assert A > 1, "The number of actions A must be greater than 1."
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    # if the user hasn't specified a mask, then we will make a random one now
    if mask is not None:
        # the mask needs to be SxS or AxSxS
        try:
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            assert mask.shape in ((S, S), (A, S, S)), "'mask' must have " \
            "dimensions S×S or A×S×S."
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        except AttributeError:
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            raise TypeError("'mask' must be a numpy array or matrix.")
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    # generate the transition and reward matrices based on S, A and mask
    if is_sparse:
        # definition of transition matrix : square stochastic matrix
        P = [None] * A
        # definition of reward matrix (values between -1 and +1)
        R = [None] * A
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        for a in range(A):
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            # it may be more efficient to implement this by constructing lists
            # of rows, columns and values then creating a coo_matrix, but this
            # works for now
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            PP = _sp.dok_matrix((S, S))
            RR = _sp.dok_matrix((S, S))
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            for s in range(S):
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                if mask is None:
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                    m = _np.random.random(S)
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                    m[m <= 2/3.0] = 0
                    m[m > 2/3.0] = 1
                elif mask.shape == (A, S, S):
                    m = mask[a][s] # mask[a, s, :]
                else:
                    m = mask[s]
                n = int(m.sum()) # m[s, :]
                if n == 0:
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                    m[_np.random.randint(0, S)] = 1
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                    n = 1
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                # find the columns of the vector that have non-zero elements
                nz = m.nonzero()
                if len(nz) == 1:
                    cols = nz[0]
                else:
                    cols = nz[1]
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                vals = _np.random.random(n)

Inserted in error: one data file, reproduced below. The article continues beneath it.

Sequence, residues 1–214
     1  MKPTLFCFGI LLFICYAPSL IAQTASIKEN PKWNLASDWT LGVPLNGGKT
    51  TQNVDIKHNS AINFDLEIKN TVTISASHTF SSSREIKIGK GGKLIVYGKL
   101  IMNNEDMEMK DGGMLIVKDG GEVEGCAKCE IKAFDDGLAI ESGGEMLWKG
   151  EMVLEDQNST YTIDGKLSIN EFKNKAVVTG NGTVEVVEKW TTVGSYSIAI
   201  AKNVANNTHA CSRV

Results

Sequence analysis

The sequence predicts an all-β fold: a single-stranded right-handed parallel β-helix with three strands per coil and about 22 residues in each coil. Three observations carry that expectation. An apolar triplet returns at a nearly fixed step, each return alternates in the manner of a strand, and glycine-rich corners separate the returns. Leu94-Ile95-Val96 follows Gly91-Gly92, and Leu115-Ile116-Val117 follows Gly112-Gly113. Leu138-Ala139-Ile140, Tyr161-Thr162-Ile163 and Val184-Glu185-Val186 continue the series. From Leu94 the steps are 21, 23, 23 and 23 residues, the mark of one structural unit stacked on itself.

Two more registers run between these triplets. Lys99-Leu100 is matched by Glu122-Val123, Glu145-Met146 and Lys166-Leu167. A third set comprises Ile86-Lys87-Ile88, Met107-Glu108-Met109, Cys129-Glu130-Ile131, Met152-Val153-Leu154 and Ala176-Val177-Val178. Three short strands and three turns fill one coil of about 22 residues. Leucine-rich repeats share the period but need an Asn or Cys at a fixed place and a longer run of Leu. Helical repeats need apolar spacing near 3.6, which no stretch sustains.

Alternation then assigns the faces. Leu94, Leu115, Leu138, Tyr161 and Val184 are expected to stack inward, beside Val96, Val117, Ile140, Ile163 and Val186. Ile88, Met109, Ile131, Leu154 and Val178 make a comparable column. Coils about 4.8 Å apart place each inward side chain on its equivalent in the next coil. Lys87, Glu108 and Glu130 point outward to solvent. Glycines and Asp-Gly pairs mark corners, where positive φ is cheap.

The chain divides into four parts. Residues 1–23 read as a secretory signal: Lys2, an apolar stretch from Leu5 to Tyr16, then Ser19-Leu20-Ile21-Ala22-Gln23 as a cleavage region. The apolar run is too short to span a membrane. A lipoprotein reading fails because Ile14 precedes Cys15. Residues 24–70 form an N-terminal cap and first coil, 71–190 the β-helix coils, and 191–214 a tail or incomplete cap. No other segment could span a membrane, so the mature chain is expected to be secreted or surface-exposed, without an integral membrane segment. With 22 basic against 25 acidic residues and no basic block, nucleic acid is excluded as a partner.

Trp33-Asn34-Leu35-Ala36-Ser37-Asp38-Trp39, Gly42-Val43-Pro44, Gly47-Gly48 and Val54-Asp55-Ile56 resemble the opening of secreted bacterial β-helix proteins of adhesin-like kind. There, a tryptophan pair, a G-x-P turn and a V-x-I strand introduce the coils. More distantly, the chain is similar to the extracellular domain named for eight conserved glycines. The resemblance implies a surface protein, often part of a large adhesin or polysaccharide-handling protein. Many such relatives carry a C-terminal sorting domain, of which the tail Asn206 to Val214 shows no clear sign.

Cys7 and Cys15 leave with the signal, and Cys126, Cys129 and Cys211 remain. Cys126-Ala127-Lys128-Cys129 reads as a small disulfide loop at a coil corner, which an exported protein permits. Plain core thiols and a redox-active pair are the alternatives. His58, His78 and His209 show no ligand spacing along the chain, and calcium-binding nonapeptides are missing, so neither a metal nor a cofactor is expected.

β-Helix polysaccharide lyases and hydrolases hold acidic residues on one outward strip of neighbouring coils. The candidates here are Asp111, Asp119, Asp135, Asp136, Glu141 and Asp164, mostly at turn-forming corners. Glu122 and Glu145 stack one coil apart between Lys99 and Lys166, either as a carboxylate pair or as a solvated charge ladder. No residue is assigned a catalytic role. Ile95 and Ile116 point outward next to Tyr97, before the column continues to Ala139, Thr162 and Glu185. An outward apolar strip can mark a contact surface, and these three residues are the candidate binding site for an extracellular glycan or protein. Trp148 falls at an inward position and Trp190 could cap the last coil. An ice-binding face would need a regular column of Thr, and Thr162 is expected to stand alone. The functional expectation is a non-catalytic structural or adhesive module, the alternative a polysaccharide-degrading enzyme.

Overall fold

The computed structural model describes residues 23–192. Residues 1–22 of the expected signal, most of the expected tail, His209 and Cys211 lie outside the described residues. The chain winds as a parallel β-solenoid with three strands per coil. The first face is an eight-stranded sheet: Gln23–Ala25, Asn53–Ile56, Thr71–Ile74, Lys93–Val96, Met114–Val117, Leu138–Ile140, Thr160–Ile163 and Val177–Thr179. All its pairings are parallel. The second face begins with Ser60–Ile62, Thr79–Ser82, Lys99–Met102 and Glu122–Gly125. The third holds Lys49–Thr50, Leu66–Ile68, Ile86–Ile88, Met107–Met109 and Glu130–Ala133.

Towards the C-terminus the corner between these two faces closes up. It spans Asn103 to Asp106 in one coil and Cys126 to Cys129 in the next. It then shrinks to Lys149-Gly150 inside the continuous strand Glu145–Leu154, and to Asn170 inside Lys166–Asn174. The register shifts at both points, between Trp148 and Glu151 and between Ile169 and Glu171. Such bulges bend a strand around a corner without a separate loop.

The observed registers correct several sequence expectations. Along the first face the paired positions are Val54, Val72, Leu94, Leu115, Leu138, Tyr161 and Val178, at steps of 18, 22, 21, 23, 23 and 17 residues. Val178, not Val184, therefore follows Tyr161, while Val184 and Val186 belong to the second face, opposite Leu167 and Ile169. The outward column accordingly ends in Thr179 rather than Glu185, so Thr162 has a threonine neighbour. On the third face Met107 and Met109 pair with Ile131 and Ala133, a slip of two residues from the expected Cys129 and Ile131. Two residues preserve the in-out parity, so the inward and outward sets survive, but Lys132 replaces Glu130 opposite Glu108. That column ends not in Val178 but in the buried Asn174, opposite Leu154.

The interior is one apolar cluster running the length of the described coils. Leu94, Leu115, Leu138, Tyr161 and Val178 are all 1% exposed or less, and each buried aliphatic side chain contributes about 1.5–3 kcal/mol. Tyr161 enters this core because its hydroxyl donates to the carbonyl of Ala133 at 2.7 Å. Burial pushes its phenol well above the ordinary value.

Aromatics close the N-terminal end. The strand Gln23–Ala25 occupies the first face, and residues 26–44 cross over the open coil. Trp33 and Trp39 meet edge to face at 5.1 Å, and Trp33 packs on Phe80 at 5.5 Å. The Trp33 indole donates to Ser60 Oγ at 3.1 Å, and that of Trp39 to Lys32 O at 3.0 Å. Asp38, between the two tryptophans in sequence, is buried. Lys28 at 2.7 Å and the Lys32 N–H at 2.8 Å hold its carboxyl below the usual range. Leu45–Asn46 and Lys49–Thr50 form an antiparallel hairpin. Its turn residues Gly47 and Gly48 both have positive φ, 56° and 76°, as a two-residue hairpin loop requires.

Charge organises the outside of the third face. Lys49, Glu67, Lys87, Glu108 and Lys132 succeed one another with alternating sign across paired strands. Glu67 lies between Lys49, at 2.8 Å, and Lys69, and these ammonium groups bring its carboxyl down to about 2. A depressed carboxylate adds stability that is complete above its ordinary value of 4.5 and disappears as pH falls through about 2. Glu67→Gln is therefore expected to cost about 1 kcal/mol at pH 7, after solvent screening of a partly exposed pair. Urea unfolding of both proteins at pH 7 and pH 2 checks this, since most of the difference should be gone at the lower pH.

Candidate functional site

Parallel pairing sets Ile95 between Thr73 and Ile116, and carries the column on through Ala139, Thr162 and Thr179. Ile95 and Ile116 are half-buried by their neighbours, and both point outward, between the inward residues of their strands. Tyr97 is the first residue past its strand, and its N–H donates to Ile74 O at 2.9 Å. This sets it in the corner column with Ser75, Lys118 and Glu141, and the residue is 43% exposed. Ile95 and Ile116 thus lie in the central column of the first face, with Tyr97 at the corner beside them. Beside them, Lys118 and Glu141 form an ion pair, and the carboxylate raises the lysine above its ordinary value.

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                vals = vals / vals.sum()
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                reward = 2*_np.random.random(n) - _np.ones(n)
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                PP[s, cols] = vals
                RR[s, cols] = reward
            # PP.tocsr() takes the same amount of time as PP.tocoo().tocsr()
            # so constructing PP and RR as coo_matrix in the first place is
            # probably "better"
            P[a] = PP.tocsr()
            R[a] = RR.tocsr()
    else:
        # definition of transition matrix : square stochastic matrix
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        P = _np.zeros((A, S, S))
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        # definition of reward matrix (values between -1 and +1)
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        R = _np.zeros((A, S, S))
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        for a in range(A):
            for s in range(S):
                # create our own random mask if there is no user supplied one
                if mask is None:
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                    m = _np.random.random(S)
                    r = _np.random.random()
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                    m[m <= r] = 0
                    m[m > r] = 1
                elif mask.shape == (A, S, S):
                    m = mask[a][s] # mask[a, s, :]
                else:
                    m = mask[s]
                # Make sure that there is atleast one transition in each state
                if m.sum() == 0:
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                    m[_np.random.randint(0, S)] = 1
                P[a][s] = m * _np.random.random(S)
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                P[a][s] = P[a][s] / P[a][s].sum()
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                R[a][s] = (m * (2 * _np.random.random(S) -
                                _np.ones(S, dtype=int)))
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    # we want to return the generated transition and reward matrices
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    return(P, R)